FEBUARY 30, 2012
WILLIAM JULY Ph.D.
Many of the early intelligence tests were culturally biased, favoring people who were from urban rather than rural environments, middle-class rather than lower-class, and White rather than African American (Miller-Jones, 1989). For example, a question on an early test asked what should be done if you find a 3-year old child in the street. The correct answer was “call the police.” But children form inner-city families who perceive the police as adversaries are unlikely to choose this answer. Similarly, children form rural areas might not choose this answer if there is no police force nearby. Such questions clearly do not measure the knowledge necessary to adapt to one’s environment or to be “intelligent” in an inner-city neighborhood or in rural America (Scarr, 1989).
Cultures also vary in the way they define intelligence (Rogoff, 1990). Most European Americans, for example, think of intelligence in terms of technical skills, but people in Kenya consider responsible participation in family and social life an integral part of intelligence. Similarly, an intelligent person in Uganda is someone who knows what to do and then follows through with appropriate action. Intelligence to the latmu people of Papua New Guinea, involves the ability to remember the names of 10,000 to 20,000 clans, and the islanders in the widely dispersed Caroline Islands incorporate the talent of navigating by the stars in their definition of intelligence.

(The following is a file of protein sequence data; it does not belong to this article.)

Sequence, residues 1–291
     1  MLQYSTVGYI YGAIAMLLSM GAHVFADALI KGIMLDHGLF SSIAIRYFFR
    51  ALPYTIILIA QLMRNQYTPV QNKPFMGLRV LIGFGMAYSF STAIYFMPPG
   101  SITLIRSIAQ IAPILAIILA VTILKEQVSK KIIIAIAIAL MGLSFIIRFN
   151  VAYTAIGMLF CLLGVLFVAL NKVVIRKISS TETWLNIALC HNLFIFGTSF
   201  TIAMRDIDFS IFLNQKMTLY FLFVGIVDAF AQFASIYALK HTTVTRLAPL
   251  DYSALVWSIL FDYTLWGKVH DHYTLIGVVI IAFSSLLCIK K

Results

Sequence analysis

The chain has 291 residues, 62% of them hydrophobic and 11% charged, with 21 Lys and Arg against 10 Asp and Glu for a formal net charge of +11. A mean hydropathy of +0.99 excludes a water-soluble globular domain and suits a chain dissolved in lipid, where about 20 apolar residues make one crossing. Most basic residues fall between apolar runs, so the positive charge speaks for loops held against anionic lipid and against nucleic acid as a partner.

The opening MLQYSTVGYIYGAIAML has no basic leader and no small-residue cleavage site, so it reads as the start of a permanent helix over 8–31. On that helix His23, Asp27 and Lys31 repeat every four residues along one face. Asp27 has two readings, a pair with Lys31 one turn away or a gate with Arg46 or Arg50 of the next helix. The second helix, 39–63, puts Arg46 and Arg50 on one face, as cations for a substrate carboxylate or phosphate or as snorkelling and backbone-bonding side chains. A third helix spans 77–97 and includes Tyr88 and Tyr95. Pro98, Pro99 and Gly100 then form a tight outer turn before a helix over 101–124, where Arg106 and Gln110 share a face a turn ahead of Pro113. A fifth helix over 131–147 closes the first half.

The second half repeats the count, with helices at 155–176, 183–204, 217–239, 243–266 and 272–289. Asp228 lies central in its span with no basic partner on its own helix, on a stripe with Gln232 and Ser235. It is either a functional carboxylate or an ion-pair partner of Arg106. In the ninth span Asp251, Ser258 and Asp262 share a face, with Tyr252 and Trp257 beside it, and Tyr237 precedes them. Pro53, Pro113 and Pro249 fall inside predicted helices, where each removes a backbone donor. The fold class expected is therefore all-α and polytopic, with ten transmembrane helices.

Another example of possible cultural bias in intelligence tests can be seen in the life of Gregory Ochoa. When Gregory was a high school student, he and his classmates took an IQ test. When Gregory looked at the test questions, he understood only a few words, since he did not speak English very well and spoke Spanish at home. Several weeks later Gregory was placed in a special class for mentally retarded students.... [continues]
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